Having a data analysis background, I find great pleasure in diving into the sales history in local markets and tracking changes. Instead of being caught off guard when the market starts to shift, why not be far ahead of it!? There are a few different ways real estate agents can look at data to see if there are overall market shifts in the area.
1. Absorption Rate Trends
The absorption rate in a nutshell is simply the amount of inventory purchased (absorbed) by buyers in the current market. The actual number or rate tells us how much inventory is on hand at any given time. If the absorption rate is 30 days then can expect current inventory to disappear in 30 days. There are many ways to calculate an absorption rate and you can change the result to be in days, weeks, months or years. In vacation home markets or in higher price bracket markets (multi-million dollar properties) you will likely want to show absorption rates in terms of months to years not days or weeks.
Let’s look as some data in our local markets:
In order to build these trending reports, we must take a snapshot in time of the data on the 1st of each month. Once we do this, we can start to compare how many properties are on market vs how many properties were recently absorbed in the past month and come up with the absorption rate. What you will notice above is a chart key that explains what determines a seller’s market, a neutral market and a buyer’s market. If a real estate agent tells you that you are in a seller’s market – ask them why? From a data perspective, when we see 3 or less months of inventory we are in a seller’s market. In the city chart you see above the excel cells light up red when we are in a seller’s market and you can see that book Brookline and Somerville spilled over into a neutral market in September. Does this mean we have a market shift away from a seller’s market? Well that is a complex question actually. Momentarily and in this snapshot of time, the answer is clearly yes. But what we have not taken into account is the seasonality of how inventory moves in our New England markets.
We tend to have two peak markets, one in Spring and one in Fall. So it is very possible this minor shift is simply a seasonal shift and not necessarily an entire market shift. See below as a small example of the seasonal trends listed by month for condos in Cambridge. You will notice two very visible peaks Spring and Fall:
So how do we determine full market shifts? Data is the answer. Taking these monthly snapshots over time, going back years and years, we can start to see patterns. We can see how September of 2018 compares to September of 2007 or 2011 and see if are seeing similar shifts as we did then.
2. Appreciation/Depreciation Trends
Another very useful way to analyze housing data is to look at how properties are appreciating or depreciating over time. Do we see a slowing down in rates? A good example is in the chart below. We see Cambridge at 6% appreciation rate in 2012 which was the all time lows for interest rates and a great time to start buying up properties. We then see a pretty steady 10-11% appreciation year over year until 2017 where the rate drops back down to 6%. Could this be an indicator that the hype we’ve been seeing is starting to cool off? I would argue that more years will help us see if that is the case. If 2018 also poses a lower appreciation rate near 6% then yes we are starting to see a cool down but still 6% is a very healthy appreciation rate overall and for sellers there is nothing to be too concerned about.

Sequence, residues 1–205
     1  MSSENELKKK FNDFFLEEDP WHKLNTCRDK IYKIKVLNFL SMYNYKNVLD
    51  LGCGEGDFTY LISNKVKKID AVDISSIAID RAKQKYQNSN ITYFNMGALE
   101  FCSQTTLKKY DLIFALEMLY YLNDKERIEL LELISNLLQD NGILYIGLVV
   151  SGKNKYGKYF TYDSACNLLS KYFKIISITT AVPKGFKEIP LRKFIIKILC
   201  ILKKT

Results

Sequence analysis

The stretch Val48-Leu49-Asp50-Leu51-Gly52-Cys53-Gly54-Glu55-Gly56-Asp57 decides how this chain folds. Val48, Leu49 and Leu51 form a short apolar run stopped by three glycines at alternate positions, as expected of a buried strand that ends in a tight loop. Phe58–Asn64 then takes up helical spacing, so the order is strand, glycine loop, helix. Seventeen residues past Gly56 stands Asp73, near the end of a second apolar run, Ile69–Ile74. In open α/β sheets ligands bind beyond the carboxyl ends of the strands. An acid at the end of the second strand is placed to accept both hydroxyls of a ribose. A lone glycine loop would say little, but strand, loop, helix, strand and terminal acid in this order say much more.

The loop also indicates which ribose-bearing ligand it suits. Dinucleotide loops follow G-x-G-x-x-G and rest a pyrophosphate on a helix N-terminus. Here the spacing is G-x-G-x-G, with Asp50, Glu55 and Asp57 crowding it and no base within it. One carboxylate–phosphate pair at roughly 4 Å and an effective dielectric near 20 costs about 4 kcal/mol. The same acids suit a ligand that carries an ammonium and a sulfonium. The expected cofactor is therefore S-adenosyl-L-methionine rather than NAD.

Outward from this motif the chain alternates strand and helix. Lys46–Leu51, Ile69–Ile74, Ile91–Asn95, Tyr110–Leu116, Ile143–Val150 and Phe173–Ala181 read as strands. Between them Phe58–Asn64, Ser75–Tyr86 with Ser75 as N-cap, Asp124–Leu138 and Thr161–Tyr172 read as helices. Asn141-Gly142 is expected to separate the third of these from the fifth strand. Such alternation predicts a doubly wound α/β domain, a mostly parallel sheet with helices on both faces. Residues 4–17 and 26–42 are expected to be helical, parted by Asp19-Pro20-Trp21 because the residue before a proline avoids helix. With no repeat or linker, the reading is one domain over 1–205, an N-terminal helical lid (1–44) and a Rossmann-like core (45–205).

3. Experience in the Field
Data is not everything. As much as I love to lean on data for market insights, experience also has a piece of the puzzle which is why working with your real estate experts will help you understand what is occurring in the market now. Our team is starting to see multiple offer scenarios all under asking in strong markets, we are seeing no offers where multiple offers were previously expected and sometimes we see fewer offers than expected. So are these all signs of shifting? Of course they are, when we start to experience changes in the market first hand, we are experiencing what we are seeing in the data. I would argue however, that data puts us ahead of the game before our experiences hit us in the face.
In conclusion, we believe minor shifts are occurring but nothing to be worried about. There are obviously many other variables impacting our housing market which I did not discuss in this blog. The bottom line to understand is that the housing market goes up and it comes down and as long as you can ride those waves, you can invest strategies in each cycle. Not sure how to get started? Reach out to our team of experts. We are here for you.